Finding Reassurance in Your Life Insurance
by: Smith and Howard Wealth Management
People buy life insurance for many reasons. Typically it is thought of as a way to ensure that loved ones will be taken care of should they pass prematurely, but many people have also purchased policies as a way of implementing a forced savings plan to fund their children’s education need or provide income in retirement.
Often, people do not know many of the basic details of their life insurance policies – what’s in them, what they cover and don’t cover, key exclusions, beneficiary provisions and so on. When preparing for our annual financial planning reviews with our clients, we have seen many individuals with older cash value life insurance policies that no longer serve their needs because as children have moved out and graduated college or perhaps they have accumulated sufficient assets to fund their retirement.
As a result we have been helping clients re-evaluate their goals to determine if there might be other insurance products that might meet their more immediate needs, like providing for additional income or long term care expenses. In other cases (usually those unable to get through underwriting) we have used the cash value as collateral for loans with lower interest than the internal borrowing rate within their existing policies. Strategies vary depending on needs, health status and the amount of cash value available (either in a single policy or in multiple which can be consolidated for these purposes).
Four other specific areas that we consider in a policy review are outlined below.
1. Insurance term periods expire. If the term on your term product expires, it could present real problems. If your policy’s term period is close to expiration, and with term rates being at an all-time low, now may be a good time to explore new policy options, including a term conversion to a permanent product. Sometimes, policy holders do not know that a term conversion option is even available to them.
2. Performance of universal life/variable life products varies – yours may or may not be serving you well. We recommend that your policy undergo a policy review by an experienced professional in order to better acquaint you with the details of it, and assess its performance. Given that interest rates continue to be low, and market volatility remains an ever-present reality, we are finding that some market-driven policies are not performing as originally intended. In this case, people often pay a substantially higher premium to keep their policy in force and active. In many cases, this becomes so cost prohibitive that they may have no choice but to lapse the policy. A policy review may uncover this potential problem early enough to find viable solutions to the problem.
Consider this recent example: A 69-year-old client had a $256,000 universal life policy that was projected to expire/lapse at around age 87. Based on a policy review, we recommended that she transfer the internal value of her existing policy to a new policy, with no taxable consequences. Additionally, she was able to work with an insurance provider to receive a guarantee this new policy to last for her lifetime, up to age 120. We suggested an increase in the death benefit from $256,000 to $326,000 and worked with the client and her provider to add a chronic illness rider to the new policy – all of this with no additional premiums.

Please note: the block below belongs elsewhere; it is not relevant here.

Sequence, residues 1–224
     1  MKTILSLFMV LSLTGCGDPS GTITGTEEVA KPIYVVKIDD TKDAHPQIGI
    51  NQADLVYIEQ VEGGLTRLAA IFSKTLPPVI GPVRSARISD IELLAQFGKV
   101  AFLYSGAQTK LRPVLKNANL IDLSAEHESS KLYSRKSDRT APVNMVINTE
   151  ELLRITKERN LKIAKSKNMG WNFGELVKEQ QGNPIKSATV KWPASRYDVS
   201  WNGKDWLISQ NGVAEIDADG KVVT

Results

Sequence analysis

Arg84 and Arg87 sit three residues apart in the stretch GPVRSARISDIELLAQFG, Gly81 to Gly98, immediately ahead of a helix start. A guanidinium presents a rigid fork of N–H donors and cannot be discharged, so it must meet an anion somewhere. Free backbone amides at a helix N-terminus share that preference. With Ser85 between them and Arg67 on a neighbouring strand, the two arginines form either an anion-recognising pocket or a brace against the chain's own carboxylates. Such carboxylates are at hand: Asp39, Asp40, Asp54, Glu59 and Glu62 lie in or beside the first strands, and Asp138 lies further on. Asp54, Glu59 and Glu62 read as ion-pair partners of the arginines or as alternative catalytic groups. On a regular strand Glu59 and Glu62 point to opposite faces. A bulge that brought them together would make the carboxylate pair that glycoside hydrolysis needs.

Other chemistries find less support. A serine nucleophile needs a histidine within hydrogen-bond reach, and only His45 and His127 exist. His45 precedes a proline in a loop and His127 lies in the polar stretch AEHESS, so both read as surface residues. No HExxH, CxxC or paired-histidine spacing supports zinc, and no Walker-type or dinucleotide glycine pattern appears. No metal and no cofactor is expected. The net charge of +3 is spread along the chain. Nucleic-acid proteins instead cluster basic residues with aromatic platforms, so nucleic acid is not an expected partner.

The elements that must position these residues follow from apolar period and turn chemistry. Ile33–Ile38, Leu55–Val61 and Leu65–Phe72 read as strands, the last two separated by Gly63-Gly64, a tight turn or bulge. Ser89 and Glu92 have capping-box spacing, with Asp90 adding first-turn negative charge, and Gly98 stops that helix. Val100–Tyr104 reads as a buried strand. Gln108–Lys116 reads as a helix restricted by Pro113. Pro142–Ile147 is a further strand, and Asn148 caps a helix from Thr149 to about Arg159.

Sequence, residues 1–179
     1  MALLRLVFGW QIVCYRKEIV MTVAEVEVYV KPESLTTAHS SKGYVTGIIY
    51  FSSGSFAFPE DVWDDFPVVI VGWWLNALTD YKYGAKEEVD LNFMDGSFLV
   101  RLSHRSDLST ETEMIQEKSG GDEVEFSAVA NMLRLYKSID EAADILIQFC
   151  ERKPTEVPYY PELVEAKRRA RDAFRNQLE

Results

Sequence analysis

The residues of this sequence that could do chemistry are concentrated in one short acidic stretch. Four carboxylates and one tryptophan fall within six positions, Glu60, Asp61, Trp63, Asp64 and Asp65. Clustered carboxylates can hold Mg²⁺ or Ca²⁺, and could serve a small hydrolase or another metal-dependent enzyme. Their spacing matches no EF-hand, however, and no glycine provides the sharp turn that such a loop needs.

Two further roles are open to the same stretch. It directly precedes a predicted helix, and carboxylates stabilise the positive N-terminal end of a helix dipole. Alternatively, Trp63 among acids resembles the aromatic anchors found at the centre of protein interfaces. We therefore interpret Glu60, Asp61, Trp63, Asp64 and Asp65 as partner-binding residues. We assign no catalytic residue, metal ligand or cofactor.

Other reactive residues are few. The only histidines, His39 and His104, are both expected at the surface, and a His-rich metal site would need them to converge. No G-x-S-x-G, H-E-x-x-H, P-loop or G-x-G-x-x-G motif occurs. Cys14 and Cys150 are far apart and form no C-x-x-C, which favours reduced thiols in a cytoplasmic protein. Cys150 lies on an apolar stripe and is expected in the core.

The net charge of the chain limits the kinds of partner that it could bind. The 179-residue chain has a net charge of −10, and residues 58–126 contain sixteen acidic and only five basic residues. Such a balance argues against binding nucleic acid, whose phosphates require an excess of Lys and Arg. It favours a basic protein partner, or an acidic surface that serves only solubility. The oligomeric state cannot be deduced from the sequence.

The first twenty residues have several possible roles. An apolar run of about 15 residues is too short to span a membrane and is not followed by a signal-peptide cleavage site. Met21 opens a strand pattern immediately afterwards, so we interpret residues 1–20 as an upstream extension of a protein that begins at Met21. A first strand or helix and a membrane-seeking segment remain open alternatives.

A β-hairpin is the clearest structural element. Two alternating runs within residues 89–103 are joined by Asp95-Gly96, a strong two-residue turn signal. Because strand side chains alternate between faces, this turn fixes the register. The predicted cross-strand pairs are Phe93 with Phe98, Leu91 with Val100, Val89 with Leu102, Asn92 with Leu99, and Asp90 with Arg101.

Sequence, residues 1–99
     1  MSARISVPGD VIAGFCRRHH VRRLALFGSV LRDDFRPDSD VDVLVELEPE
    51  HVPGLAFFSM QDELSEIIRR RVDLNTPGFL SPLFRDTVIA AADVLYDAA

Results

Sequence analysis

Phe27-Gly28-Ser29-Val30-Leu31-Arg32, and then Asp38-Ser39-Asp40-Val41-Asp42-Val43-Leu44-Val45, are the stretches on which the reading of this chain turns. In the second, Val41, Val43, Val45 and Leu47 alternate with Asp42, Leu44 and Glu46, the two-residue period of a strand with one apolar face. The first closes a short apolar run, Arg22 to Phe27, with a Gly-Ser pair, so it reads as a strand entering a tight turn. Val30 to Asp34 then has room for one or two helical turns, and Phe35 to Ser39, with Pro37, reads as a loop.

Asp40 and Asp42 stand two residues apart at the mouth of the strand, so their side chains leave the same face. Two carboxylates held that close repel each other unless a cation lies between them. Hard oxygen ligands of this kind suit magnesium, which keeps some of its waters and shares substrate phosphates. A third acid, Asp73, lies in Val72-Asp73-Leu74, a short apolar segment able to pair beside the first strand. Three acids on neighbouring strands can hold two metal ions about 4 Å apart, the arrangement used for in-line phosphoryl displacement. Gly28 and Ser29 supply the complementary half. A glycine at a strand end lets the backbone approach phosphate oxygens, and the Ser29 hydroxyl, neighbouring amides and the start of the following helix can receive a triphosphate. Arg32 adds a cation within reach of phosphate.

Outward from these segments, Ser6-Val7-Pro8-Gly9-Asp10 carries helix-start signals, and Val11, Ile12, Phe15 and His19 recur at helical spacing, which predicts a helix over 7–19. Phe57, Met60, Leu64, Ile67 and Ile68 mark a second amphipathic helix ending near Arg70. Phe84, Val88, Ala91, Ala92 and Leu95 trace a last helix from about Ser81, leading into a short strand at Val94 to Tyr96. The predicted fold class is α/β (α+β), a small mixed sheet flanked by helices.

3. Loans and withdraws can profoundly affect your policy. Depending on the type of policy you have, loans and withdrawals can potentially cause a reduction in the cash value, interest to accrue and a possible erosion of the policy due to insufficient values necessary to sustain the policy. Also, with certain universal life policies, withdrawals can potentially erode the life of the benefit guarantee (e.g., shortening a benefit that would normally last to age 100 to age 85). If you have a universal life policy, and you were delinquent in making a premium payment, that event could possibly take years off a death benefit guarantee. You may not have any idea that the whole design of your original policy has changed.
4. Missed details with life events can cause a failure. For example, consider what would happen if a change of beneficiary was never completed after a divorce, or if an ownership change within a business occurred.
We would be happy to provide a policy review of your current life insurance coverage to see if there might be better options to suit your financial needs. Such a review can be extremely valuable. While we do not sell products (such as insurance), our understanding of each client’s needs as well as what is available in the market can provide the guidance you need to seek the best solution for your circumstances. Please any SHWM team member at 404-874-6244 with questions or to schedule your policy review.
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